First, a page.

did someone muck with the backend here

Re: Hidden Wealth


I recommend The Hidden Wealth of Nations. It's a quick read with all the deets of how the wealthy do this, and is very readable. I'd always wondered: if a rich person has their money in an offshores tax shelter, how do they access it where they live? He goes over your local multinational bank's one weird trick.

Posted by: dalriata | Link to this comment | 07-18-19 8:52 AM
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Oh, there's thisOECD thing which is relevant but I never got around to reading so don't know if meaningful. The Zucman book is short and easy to read, though honestly I don't remember much except the Swiss are dicks. Surprisingly. (h/t someone here, maybe dalriata.)

Posted by: Mossy Character | Link to this comment | 07-18-19 8:57 AM
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Guard capital.

Posted by: JP Stormcrow | Link to this comment | 07-18-19 9:50 AM
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This seems very appropriate for our zeitgeist these days. It relies on the Internet in novel ways, is very concerned about the ultra-rich, and is likely to amount to fuck-all.

Posted by: Cyrus | Link to this comment | 07-18-19 10:44 AM
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If you can figure out where secret money is, why not just try to steal it or extort some from the owner by threatening to out the money? Asking for a friend.

Posted by: Moby Hick | Link to this comment | 07-18-19 12:38 PM
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Because you aren't just extorting/robbing some rich person, you're going against UBS or Credit Suisse.

Posted by: dalriata | Link to this comment | 07-18-19 1:01 PM
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French capital.

"They want to know what exactly their money is being spent on and if they agree to it before they hand it over, and not just to pay employees' salaries," he said at the time.

Posted by: Minivet | Link to this comment | 07-18-19 1:54 PM
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7: I bet they are secretly negotiating for naming rights.

Posted by: peep | Link to this comment | 07-18-19 2:17 PM
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Mostly I find it surprisingly heartening that an XML schema is a top-tier item in a multinational agreement.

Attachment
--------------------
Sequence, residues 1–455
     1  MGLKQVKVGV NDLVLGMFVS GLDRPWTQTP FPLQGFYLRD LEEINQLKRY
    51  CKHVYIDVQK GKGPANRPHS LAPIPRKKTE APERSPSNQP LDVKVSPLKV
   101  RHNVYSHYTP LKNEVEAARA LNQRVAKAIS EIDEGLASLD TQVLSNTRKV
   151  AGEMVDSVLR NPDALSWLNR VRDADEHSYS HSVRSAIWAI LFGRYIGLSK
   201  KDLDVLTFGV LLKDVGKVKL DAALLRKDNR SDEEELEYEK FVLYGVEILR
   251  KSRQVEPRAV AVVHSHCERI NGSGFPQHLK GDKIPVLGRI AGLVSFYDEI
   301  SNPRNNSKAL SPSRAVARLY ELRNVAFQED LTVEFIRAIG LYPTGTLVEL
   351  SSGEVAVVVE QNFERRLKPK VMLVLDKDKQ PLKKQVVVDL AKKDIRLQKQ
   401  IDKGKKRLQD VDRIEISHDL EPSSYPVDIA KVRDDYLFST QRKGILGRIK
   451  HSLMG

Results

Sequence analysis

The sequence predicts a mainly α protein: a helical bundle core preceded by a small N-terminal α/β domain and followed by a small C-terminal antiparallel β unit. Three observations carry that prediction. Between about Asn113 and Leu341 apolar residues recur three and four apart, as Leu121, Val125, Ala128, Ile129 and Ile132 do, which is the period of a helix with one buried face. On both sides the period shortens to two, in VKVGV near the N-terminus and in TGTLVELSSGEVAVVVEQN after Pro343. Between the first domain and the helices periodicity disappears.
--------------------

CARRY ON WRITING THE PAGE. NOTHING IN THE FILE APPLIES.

Posted by: Mossy Character | Link to this comment | 07-18-19 3:35 PM
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Back in 2013, the Automatic Exchange of Information (AEOI) was endorsed as the prevailing universal solution to fight cross-border tax evasion. In this regard, the OECD launched a global standard for the AEOI, the Common Reporting Standard (CRS). Currently, around 100 jurisdictions have committed to implement it into respective national laws by 2018. In this study, we analyze the impact of the CRS on cross-border tax evasion using a difference-in-difference research design. By considering a period of four years (2014-2017), results suggest that the CRS induced a reduction of 14% in cross-border deposits parked in offshore locations for tax evasion purposes. Moreover, such wealth and related income has not been repatriated but rather a new location to avoid domestic tax obligations has emerged. More specifically, upon the CRS implementation at domestic level, the United States (U.S.), i.e. the only major economy in the world, which so far did not commit to the CRS, seems to emerge as a potentially attractive location for cross-border tax evasion.

Posted by: Mossy Character | Link to this comment | 07-19-19 4:02 AM
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Job creation?

Posted by: Moby Hick | Link to this comment | 07-19-19 6:11 AM
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Law for thee but not for me.

The U.S. receives information relating to US citizens' accounts from many countries due to the compliance requirements of the FATCA. The United States, in many cases, will reciprocate by sharing banking data with countries for accounts which their citizens hold in the U.S., but not automatically as is required by the U.S.

Posted by: Mossy Character | Link to this comment | 07-19-19 8:53 AM
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